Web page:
Directed by Ben Falcone
Starring – Melissa McCarthy, Molly Gordon, Gillian Jacobs
The Plot – When her husband suddenly dumps her, longtime dedicated housewife Deanna (McCarthy) turns regret into re-set by going back to college, landing in the same class and school as her daughter Maddie (Gordon), who’s not entirely sold on the idea. Plunging headlong into the campus experience, the increasingly outspoken Deanna, now Dee Rock, embraces freedom, fun, and frat boys on her own terms, finding her true self in a senior year no one ever expected.
Rated PG-13 for sexual material, drug content and partying
– Gillian Jacobs is a delightful mystery wrapped inside of an enigma. I couldn’t understand if her character was supposed to be suffering from some kind of mental deficiency, or if she was a psychopathic killer. I found myself transfixed by her strange facial takes, as well as her character’s expressive personality that is unlike anything that I have seen from a female in a comedy in a long time.
– Like the trailer, Maya Rudolph steals the show with her loud and obnoxious presence. That may sound like a negative, but Maya is the only actor here who feels confident in her line reads, never letting the lack of effective humor limit her ability to turn it into comic gold.
– There’s a surprisingly good twist midway through the movie that rivals that of ‘Spider-Man: Homecoming’ from last year.
– Far too much improv humor. For at least the entirety of the first act, not one scene can play out without McCarthy or an accompanying actress drowning on and on about a line of dialogue that didn’t hit on the first try, so why not beat it into the ground fifty more times?
– Because of what I just mentioned, there’s a limited progression throughout the narrative of this film that exposes just how minimal the abundance of ideas inside truly are. In my opinion, there’s probably twenty minutes of actual credible story here. Everything else is Falcone and McCarthy’s usual underwritten comedy, the same cold material that they’ve given us for over a decade now. It’s not as bad as ‘Tammy’, but it’s right there next to ‘The Boss’ in terms of comic prowess.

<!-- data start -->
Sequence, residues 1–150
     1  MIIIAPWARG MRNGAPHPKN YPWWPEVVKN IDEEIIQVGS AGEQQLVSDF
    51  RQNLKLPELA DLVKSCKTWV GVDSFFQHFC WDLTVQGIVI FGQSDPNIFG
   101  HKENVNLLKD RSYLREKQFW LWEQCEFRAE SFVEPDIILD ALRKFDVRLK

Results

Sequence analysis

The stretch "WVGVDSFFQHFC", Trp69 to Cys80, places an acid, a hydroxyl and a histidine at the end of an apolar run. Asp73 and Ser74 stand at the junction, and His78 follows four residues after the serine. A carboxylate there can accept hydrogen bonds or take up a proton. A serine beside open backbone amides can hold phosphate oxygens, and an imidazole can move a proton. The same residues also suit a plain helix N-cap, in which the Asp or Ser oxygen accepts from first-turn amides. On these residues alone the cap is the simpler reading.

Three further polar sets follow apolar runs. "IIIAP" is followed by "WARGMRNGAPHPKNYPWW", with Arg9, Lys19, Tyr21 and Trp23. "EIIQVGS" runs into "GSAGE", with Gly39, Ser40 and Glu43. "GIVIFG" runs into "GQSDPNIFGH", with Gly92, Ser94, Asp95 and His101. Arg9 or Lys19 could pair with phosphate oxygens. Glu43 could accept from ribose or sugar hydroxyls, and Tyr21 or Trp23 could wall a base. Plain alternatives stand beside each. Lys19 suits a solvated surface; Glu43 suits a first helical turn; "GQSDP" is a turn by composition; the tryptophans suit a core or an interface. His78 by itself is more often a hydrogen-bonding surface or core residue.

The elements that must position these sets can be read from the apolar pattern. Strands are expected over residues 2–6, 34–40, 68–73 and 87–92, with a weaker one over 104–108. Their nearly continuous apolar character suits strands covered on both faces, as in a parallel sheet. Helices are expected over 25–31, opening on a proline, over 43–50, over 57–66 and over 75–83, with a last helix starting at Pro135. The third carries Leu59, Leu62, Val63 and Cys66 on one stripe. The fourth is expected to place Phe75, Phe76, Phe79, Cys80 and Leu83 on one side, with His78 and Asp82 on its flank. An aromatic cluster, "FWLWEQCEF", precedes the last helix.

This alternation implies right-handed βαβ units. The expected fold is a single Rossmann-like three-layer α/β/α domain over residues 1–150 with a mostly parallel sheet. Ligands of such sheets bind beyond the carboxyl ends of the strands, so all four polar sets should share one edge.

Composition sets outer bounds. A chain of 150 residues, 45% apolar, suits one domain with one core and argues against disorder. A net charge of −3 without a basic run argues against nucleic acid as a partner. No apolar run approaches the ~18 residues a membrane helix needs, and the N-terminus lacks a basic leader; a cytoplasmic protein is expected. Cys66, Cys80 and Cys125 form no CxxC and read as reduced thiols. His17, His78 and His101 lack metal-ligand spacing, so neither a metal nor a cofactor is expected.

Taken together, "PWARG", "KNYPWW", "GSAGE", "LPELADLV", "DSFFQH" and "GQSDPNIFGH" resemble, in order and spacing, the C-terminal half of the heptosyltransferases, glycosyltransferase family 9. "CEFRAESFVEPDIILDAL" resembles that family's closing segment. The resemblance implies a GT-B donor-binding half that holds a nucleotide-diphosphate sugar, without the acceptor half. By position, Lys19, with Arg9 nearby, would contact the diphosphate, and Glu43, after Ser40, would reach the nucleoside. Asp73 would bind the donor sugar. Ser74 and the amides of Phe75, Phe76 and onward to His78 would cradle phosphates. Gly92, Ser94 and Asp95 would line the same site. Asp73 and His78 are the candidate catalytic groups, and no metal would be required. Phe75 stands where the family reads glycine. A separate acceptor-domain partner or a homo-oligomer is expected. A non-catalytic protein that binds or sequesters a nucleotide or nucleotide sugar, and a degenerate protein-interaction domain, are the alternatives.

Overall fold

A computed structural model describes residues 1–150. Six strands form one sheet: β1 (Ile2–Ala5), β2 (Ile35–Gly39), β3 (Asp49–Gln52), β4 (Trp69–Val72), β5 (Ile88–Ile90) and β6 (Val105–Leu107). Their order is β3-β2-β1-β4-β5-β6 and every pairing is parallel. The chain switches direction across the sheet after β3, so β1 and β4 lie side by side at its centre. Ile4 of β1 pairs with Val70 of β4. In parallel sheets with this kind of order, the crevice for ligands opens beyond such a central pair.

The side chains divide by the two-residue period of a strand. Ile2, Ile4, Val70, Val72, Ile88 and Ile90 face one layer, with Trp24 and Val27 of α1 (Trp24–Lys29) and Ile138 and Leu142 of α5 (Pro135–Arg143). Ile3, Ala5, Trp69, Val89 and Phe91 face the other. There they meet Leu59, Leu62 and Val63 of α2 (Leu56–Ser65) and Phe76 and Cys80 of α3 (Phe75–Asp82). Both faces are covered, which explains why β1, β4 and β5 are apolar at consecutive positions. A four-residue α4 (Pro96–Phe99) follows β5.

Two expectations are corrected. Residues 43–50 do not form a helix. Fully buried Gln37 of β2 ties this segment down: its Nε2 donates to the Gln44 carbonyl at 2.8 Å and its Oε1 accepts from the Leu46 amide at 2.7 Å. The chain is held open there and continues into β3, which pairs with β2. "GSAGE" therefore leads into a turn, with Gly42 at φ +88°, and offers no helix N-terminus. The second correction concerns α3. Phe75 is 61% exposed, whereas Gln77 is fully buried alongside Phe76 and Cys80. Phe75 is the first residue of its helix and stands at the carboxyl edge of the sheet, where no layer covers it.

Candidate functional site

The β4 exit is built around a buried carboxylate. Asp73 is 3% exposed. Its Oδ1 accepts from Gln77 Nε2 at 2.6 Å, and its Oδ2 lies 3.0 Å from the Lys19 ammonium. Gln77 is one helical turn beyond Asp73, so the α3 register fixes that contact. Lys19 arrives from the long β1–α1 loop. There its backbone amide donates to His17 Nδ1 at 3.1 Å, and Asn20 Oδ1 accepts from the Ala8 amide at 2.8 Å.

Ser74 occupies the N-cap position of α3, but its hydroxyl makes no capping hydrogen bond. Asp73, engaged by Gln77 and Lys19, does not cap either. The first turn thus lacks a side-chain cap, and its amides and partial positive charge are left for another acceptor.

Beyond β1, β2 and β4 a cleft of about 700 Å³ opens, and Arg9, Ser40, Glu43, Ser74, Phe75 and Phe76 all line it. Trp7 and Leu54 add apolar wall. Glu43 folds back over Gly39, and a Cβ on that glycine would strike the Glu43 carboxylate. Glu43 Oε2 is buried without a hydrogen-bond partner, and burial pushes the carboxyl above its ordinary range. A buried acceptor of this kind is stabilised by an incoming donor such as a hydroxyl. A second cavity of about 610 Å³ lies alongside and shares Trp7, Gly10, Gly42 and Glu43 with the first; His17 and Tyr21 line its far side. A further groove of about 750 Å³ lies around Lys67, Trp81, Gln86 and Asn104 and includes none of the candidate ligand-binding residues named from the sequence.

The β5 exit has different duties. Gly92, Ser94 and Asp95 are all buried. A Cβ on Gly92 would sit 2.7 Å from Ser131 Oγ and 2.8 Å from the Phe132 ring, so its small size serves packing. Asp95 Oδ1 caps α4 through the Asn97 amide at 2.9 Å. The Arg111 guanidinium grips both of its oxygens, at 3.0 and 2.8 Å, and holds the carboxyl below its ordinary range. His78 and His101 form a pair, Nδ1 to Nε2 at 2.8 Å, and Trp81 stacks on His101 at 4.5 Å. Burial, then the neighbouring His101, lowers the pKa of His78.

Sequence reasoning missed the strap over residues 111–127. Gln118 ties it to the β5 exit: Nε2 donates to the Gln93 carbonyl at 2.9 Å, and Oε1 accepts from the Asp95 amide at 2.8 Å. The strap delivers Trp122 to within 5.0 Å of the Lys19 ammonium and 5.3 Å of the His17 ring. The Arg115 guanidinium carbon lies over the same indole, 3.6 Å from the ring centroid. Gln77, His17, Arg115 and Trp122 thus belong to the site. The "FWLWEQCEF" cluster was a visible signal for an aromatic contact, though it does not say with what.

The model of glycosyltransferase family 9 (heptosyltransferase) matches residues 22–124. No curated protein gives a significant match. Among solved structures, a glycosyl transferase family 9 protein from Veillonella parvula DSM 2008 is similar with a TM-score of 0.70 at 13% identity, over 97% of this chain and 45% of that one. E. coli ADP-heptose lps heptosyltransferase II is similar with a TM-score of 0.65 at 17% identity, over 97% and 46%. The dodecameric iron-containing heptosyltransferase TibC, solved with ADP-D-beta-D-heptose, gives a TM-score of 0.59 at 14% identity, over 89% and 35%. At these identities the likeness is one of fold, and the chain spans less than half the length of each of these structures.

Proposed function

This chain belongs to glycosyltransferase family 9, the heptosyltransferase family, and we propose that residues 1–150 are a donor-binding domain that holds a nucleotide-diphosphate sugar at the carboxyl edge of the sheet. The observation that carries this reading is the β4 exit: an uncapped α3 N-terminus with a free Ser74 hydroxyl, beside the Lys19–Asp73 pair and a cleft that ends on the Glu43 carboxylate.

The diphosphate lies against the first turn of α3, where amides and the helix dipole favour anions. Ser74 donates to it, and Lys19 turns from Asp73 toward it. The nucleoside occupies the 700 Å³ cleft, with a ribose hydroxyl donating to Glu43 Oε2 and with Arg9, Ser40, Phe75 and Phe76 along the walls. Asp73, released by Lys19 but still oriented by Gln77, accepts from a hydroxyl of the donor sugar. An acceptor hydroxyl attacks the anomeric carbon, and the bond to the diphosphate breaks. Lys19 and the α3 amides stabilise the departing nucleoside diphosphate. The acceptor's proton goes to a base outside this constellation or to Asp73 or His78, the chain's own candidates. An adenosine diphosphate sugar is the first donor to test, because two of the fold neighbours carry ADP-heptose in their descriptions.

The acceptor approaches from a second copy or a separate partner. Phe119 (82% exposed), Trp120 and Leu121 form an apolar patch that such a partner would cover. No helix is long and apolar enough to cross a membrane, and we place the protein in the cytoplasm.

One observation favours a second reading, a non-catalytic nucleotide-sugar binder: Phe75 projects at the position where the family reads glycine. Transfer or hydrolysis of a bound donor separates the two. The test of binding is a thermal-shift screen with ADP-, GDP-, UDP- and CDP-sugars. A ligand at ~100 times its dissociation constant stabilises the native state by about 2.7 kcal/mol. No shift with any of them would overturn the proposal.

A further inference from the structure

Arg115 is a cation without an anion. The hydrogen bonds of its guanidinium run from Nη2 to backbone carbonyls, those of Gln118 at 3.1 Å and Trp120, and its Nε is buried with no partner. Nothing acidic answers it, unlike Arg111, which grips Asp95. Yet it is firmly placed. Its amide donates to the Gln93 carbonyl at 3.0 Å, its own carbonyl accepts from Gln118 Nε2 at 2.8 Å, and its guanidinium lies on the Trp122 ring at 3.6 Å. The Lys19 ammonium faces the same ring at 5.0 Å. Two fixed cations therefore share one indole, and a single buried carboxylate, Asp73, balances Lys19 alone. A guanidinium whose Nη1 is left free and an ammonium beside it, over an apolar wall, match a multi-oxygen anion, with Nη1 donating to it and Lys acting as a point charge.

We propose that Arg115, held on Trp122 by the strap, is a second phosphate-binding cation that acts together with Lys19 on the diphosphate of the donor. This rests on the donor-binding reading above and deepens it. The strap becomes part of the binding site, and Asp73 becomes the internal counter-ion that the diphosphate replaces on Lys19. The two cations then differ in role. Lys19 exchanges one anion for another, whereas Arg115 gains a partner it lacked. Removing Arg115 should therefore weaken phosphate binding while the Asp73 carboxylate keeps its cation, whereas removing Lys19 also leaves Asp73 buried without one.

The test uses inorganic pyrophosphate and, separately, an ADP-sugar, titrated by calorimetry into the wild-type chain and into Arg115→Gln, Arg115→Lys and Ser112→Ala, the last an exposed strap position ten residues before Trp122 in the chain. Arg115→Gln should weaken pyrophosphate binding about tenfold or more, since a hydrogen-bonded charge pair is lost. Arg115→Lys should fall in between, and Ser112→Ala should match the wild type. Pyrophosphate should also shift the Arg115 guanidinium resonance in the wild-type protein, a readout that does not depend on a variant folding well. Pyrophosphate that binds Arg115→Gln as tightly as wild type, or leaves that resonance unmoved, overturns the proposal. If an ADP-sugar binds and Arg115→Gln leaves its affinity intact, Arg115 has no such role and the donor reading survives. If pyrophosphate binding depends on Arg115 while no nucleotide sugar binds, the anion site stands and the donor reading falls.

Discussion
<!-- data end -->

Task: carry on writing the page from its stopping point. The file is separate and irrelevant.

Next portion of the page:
– When the humor misfires this frequently, it turns 100 minutes of screen time into what feels like an eternity. Imagine being at a stand-up comedy club and the comedian lands two jokes in two hours of his/her show. That is what ‘Life of the Party’ feels like. If this is a party, it’s the kind that is loud, childish, and asks you to bring your own beverages.
– Unnecessary antagonists that add absolutely zero to the film. Much of the motivation seems to target the ‘Mean Girls’ demographic here, but the lack of influence from two female college snobs leave such a lack of impact that writing them out would be the easiest and most beneficial thing to this screenplay.
– Contradicting character exposition. It’s baffling how truly lazy this script by Falcone actually is. Two such examples involve McCarthy’s character, proof of how little Ben pays attention to even his central protagonist. The first involves a Harry Potter joke that Melissa makes early on in the film, yet is stumped about twenty minutes later when someone else brings up a Potter joke to her. The second (and more perplexing) is how a woman has a fear of speaking in front of people, yet ten minutes prior had no qualms about a dance off in front of strangers where she was the prime focus.
– There’s absolutely no mental conflict to a woman going through a mid-life crisis with such ease. There’s a big missed opportunity not only in the story, but also in Melissa’s performance in drawing out a strong empathetic and inspiring character, instead choosing to sleep with a man less than half her age, vandalize property, and ruin a wedding that she wasn’t invited to. I felt bad for this woman for about ten minutes into this film, and then it went away when I thought about how careless she really is.
– Oh yeah, she does have a daughter. I say that because I honestly forgot about midway through this film. Other than the occasional conversation, there’s never an attempt at bonding this Mother and Daughter together. I mentioned earlier how Jacobs is easily the most interesting character of the youthful cast, and I think the movie realized that as well, pitting her with McCarthy for a majority of the scenes. If you pretend she is Melissa’s daughter, it tends to make more sense.